Browse Blueberries Stories

56 results found for Blueberries
UGA's Tim Coolong was recognized at the Southeast Regional Fruit and Vegetable Conference on Saturday, January 12, 2019. Coolong received the Donnie H. Morris Award of Excellence in Extension. CAES News
UGA's Tim Coolong was recognized at the Southeast Regional Fruit and Vegetable Conference on Saturday, January 12, 2019. Coolong received the Donnie H. Morris Award of Excellence in Extension.
Award Winners
University of Georgia vegetable horticulturist Tim Coolong received the Donnie H. Morris Award of Excellence in Extension during the Southeast Regional Fruit and Vegetable Conference in Savannah, Georgia, on Jan. 12.
UGA-bred blueberries feed the Georgia market during the blueberry growing season here and when they are licensed to be grown in other countries they provide berries to Georgians and others in November, December and January. CAES News
UGA-bred blueberries feed the Georgia market during the blueberry growing season here and when they are licensed to be grown in other countries they provide berries to Georgians and others in November, December and January.
Worldwide Berries
A tried and true Georgia “boy,” University of Georgia blueberry breeder Scott NeSmith takes pride in creating new blueberry varieties for farmers in Georgia and across the Southeast. Now he can boast that blueberry varieties he’s bred through the UGA College of Agricultural and Environmental Sciences have gone global.
Blueberries growing on the Alapaha farm in Alapaha, Georgia in this file photo. Blueberry farmers are wary of a late season freeze and its impact on this year's crop. CAES News
Blueberries growing on the Alapaha farm in Alapaha, Georgia in this file photo. Blueberry farmers are wary of a late season freeze and its impact on this year's crop.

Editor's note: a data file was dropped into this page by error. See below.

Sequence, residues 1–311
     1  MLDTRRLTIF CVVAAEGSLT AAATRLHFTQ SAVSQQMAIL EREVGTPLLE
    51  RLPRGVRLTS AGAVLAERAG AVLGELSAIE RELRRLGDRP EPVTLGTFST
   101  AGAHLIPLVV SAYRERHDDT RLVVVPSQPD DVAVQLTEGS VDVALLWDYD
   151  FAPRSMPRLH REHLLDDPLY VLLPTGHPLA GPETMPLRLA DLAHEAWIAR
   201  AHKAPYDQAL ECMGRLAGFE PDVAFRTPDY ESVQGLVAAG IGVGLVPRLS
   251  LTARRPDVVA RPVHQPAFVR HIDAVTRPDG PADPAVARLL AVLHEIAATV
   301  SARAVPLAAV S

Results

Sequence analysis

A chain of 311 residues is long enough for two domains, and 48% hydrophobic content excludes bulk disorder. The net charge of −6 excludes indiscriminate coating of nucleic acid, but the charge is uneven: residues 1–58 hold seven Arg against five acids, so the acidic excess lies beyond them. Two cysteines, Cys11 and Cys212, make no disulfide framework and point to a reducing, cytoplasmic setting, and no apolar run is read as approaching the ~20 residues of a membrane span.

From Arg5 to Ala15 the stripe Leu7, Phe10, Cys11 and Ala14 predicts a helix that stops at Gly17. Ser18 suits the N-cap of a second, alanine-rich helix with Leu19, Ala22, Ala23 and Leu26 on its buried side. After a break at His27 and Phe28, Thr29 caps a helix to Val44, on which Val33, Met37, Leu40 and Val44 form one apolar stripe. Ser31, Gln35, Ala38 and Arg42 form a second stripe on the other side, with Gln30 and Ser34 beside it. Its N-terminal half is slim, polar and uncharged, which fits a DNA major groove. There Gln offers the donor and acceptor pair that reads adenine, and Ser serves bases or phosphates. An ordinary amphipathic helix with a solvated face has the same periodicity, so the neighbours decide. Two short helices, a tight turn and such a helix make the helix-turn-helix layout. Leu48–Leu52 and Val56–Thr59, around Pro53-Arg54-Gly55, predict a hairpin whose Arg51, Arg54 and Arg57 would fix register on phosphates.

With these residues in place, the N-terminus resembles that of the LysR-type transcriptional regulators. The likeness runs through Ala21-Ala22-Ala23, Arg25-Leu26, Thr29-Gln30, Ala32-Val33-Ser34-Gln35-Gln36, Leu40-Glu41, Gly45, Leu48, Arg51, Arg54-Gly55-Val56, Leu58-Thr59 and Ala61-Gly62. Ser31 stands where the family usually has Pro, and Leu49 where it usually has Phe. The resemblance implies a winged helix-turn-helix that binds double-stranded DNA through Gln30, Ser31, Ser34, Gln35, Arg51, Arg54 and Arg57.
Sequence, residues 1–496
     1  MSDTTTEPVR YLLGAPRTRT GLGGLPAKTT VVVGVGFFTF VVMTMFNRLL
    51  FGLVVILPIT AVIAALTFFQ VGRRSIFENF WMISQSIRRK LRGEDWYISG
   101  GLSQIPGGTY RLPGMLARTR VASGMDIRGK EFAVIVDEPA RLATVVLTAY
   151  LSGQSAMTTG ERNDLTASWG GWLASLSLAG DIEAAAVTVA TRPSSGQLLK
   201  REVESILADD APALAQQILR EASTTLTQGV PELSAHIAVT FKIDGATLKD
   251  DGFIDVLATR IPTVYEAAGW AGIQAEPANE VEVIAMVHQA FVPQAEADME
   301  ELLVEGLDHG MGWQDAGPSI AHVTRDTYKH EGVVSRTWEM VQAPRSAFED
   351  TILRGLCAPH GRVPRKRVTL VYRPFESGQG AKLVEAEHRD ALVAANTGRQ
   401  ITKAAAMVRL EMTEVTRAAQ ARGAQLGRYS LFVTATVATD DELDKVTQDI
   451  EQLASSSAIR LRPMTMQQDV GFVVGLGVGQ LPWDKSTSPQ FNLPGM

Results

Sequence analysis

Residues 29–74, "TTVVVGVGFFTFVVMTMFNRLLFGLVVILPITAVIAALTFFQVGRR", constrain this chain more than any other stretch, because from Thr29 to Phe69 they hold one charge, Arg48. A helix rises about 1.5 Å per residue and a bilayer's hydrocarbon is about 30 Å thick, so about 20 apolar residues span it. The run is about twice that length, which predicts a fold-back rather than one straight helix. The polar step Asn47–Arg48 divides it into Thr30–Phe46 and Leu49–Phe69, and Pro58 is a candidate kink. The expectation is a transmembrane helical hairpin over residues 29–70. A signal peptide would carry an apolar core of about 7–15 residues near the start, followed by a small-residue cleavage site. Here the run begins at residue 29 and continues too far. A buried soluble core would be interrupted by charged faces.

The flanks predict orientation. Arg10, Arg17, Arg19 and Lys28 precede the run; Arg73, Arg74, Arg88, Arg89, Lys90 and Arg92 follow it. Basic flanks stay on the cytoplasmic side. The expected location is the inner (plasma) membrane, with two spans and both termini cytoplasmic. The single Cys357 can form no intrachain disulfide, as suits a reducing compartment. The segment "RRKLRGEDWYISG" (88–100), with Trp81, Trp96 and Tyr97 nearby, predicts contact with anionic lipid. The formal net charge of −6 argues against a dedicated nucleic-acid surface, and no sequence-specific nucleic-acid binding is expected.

IPM Grant
The University of Georgia has been awarded a $2 million grant from the U.S. Department of Agriculture National Institute of Food and Agriculture to develop organic methods of controlling the Spotted Wing Drosophila (SWD). 
University of Georgia blueberry scientist Scott NeSmith has to keep birds away from his blueberry crop so that he can research and breed new varieties for Georgia growers. His latest trick — using a dancing, inflatable tube man to scare the birds — may lead passersby to believe that the UGA Griffin campus is selling cars. CAES News
University of Georgia blueberry scientist Scott NeSmith has to keep birds away from his blueberry crop so that he can research and breed new varieties for Georgia growers. His latest trick — using a dancing, inflatable tube man to scare the birds — may lead passersby to believe that the UGA Griffin campus is selling cars.
Wacky Scarecrow
Farmers have used scarecrows to keep birds away from field crops for more than 3,000 years. University of Georgia blueberry scientist Scott NeSmith uses a dancing, inflatable tube man to scare the birds away from his research plants.
Blueberries growing on the Alapaha farm in Alapaha, Georgia in this file photo. Blueberry farmers are wary of a late season freeze and its impact on this year's crop. CAES News